Archive - News Article
October 9th, 2013
Howard County commissioners voted to chop off $2,000 from a recently approved road access permit during a special meeting Monday.
In August, commissioners approved a fee of $4,500 for all new access entrances which intersect county roads for commercial purposes â€” except agricultural related industries. The construction of the entrances are required to conform with county road and bridge department requirements.
Big Spring will follow a new â€śroad mapâ€ť when dealing with future growth.
During its Monday meeting, the city council voted 5-0 (Mayor Larry McLellan and Raul Benavides were absent) to authorize a comprehensive overhaul of the city's master plan, which officials said will serve as a guidepost of sorts as the city deals with growth issues brought on by the shale oil boom and other factors.
Dog and cat owners have a chance to contribute to the community and save a little money as well when the Howard County Humane Society and Sierra Animal Clinic join together to host an animal immunization clinic.
â€śWe have a great turnout for this,â€ť said Jo Stone, Humane Society coordinator. â€śWe've already had six or seven calls so far, and we've just started to advertise.â€ť
Tuesday is the deadline to purchase a ticket for the 22nd annual Ag Appreciation Day luncheon, which will be held Thursday in the G.C. Broughton Ag Complex on the Howard College campus.
Tickets, $15 each, are available at the Big Spring Area Chamber of Commerce, Crop Production Services, Lone Star Bank, South Plains Implement and State National Bank. The deadline to obtain tickets and reserve a seat is 3 p.m.
All area farmers and producers eat free at the appreciation luncheon; however tickets are necessary so that a head count will be available.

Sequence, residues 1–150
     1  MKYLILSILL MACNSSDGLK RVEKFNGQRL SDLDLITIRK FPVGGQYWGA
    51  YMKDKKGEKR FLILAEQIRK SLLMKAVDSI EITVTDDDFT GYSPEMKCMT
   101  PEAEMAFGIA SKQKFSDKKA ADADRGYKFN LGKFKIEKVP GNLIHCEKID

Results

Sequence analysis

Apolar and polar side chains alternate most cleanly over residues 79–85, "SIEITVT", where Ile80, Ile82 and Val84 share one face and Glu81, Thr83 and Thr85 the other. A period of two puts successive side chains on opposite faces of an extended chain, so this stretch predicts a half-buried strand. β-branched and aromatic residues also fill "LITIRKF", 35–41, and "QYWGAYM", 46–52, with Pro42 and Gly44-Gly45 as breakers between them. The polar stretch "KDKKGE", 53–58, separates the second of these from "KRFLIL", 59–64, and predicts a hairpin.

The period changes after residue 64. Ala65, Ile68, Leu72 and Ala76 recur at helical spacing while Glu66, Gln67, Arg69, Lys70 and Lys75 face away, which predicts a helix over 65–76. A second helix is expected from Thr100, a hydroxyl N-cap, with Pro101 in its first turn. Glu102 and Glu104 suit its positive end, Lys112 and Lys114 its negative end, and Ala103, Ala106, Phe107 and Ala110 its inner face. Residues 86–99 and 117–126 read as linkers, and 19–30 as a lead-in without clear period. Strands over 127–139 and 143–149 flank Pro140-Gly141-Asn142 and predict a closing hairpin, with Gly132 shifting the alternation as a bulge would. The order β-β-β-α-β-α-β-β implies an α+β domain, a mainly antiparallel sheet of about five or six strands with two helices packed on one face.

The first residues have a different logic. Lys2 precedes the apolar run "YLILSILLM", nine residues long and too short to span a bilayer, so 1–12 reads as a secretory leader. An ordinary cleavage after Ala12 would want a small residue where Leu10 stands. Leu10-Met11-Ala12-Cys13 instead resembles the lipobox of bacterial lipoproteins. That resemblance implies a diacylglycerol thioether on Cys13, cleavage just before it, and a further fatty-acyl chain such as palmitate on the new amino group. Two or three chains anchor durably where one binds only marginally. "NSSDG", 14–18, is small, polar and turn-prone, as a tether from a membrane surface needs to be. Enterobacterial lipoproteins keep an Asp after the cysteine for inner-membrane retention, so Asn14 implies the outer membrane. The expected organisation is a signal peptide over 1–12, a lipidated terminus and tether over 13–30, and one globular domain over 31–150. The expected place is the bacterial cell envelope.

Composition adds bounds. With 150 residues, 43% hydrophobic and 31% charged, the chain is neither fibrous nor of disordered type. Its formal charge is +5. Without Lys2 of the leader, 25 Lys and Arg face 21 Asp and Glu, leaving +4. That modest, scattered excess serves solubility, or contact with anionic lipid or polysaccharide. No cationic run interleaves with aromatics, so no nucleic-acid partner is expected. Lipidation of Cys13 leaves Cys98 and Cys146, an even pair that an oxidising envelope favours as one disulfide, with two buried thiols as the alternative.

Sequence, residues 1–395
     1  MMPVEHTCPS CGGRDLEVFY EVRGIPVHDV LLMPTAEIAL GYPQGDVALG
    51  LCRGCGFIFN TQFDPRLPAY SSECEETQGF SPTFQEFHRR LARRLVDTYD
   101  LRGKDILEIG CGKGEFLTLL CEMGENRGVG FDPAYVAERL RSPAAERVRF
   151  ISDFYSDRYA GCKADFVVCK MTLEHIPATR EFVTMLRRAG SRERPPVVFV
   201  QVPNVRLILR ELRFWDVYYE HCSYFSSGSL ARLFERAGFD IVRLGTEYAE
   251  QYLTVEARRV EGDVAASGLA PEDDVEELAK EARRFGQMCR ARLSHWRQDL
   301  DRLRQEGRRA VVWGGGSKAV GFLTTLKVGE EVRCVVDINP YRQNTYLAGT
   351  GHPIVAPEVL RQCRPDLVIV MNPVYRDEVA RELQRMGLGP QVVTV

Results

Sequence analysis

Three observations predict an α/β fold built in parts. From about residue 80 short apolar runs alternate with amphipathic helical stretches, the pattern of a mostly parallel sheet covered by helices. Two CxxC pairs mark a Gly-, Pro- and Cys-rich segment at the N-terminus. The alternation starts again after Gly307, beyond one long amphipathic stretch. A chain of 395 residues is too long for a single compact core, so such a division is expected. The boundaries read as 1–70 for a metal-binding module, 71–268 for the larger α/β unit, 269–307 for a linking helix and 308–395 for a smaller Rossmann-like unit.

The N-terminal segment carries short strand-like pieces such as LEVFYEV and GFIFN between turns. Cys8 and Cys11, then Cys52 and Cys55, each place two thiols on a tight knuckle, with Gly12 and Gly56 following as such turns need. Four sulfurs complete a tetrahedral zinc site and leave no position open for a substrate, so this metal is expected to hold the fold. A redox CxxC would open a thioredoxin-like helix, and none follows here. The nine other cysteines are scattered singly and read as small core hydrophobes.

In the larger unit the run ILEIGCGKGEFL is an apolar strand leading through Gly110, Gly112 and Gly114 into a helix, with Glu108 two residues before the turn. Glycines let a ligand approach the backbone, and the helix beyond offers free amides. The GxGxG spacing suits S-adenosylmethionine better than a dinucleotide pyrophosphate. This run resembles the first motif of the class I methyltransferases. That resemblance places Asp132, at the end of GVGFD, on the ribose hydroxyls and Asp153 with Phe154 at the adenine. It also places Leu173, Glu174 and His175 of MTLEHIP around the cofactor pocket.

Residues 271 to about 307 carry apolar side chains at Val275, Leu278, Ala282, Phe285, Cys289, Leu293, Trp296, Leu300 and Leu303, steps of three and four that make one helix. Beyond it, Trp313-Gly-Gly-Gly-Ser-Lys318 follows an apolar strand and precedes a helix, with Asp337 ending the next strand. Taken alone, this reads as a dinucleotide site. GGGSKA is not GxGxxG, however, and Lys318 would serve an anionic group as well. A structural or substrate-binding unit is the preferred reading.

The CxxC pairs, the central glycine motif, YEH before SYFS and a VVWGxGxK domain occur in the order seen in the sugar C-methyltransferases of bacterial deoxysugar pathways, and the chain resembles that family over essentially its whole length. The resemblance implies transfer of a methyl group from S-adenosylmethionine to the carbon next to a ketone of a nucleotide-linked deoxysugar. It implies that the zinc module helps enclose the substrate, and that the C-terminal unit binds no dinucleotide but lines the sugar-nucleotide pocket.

Annexation matters are expected to be the main topics of conversation when the Big Spring City Council holds its regular meeting at 5:30 p.m. today in council chambers, located at 307 E. Fourth St.
Council members will hold a series of public hearings concerning the possible annexation and/or rezoning of property during the meeting.
When you think Christmas parade, don't forget Christmas on Main Street, a family focused event designed to enhance the season's festivities.
Christmas on Main Street is put on by the Downtown Revitalization Association and takes place â€” on Main Street, obviously â€” immediately following the Big Spring Herald Lighted Christmas Parade, set for the evening of Saturday, Dec. 7.
â€śChildren will have an opportunity to visit with Santa, get their photo taken and get a free gift,â€ť said Debbie Rupard, DRA secretary.
October is National Fire Prevention Month and the Big Spring Fire Department will be spreading the message of fire safety to this area's smallest residents.
Beginning Monday, BSFD Fire Marshal Carl Condray and others in the department will visit area elementary schools to give students practical lessons on fire safety.
For the entire story, check the Herald print or e-edition.
Big Spring Police Department is notifying the public that on Thursday, its animal control division captured a bat that has tested to be infected with rabies.
Other bats were captured the same week and were also sent for testing. Tests on all the other bats were confirmed negative for rabies, said Det. Sgt. Tony Everett, BSPD public information officer.
Tumbleweed Smith of Big Spring, newspaper columnist and producer of The Sound of Texas radio series, will be inducted into the Fort Worth Stockyards Trail of Fame on Oct. 26.
The organization recognizes individuals who have made major contributions to the creation and preservation of the western way of life and western heritage. The program has recognized 130 individuals since its inception in 1997.
Bells will ring out across the nation this weekend in remembrance of firefighters who have died in the line of duty.
Bells Across America, a national ceremony honoring fallen firefighters, will be held locally at 10 a.m. Saturday at the entrance of First United Methodist Church.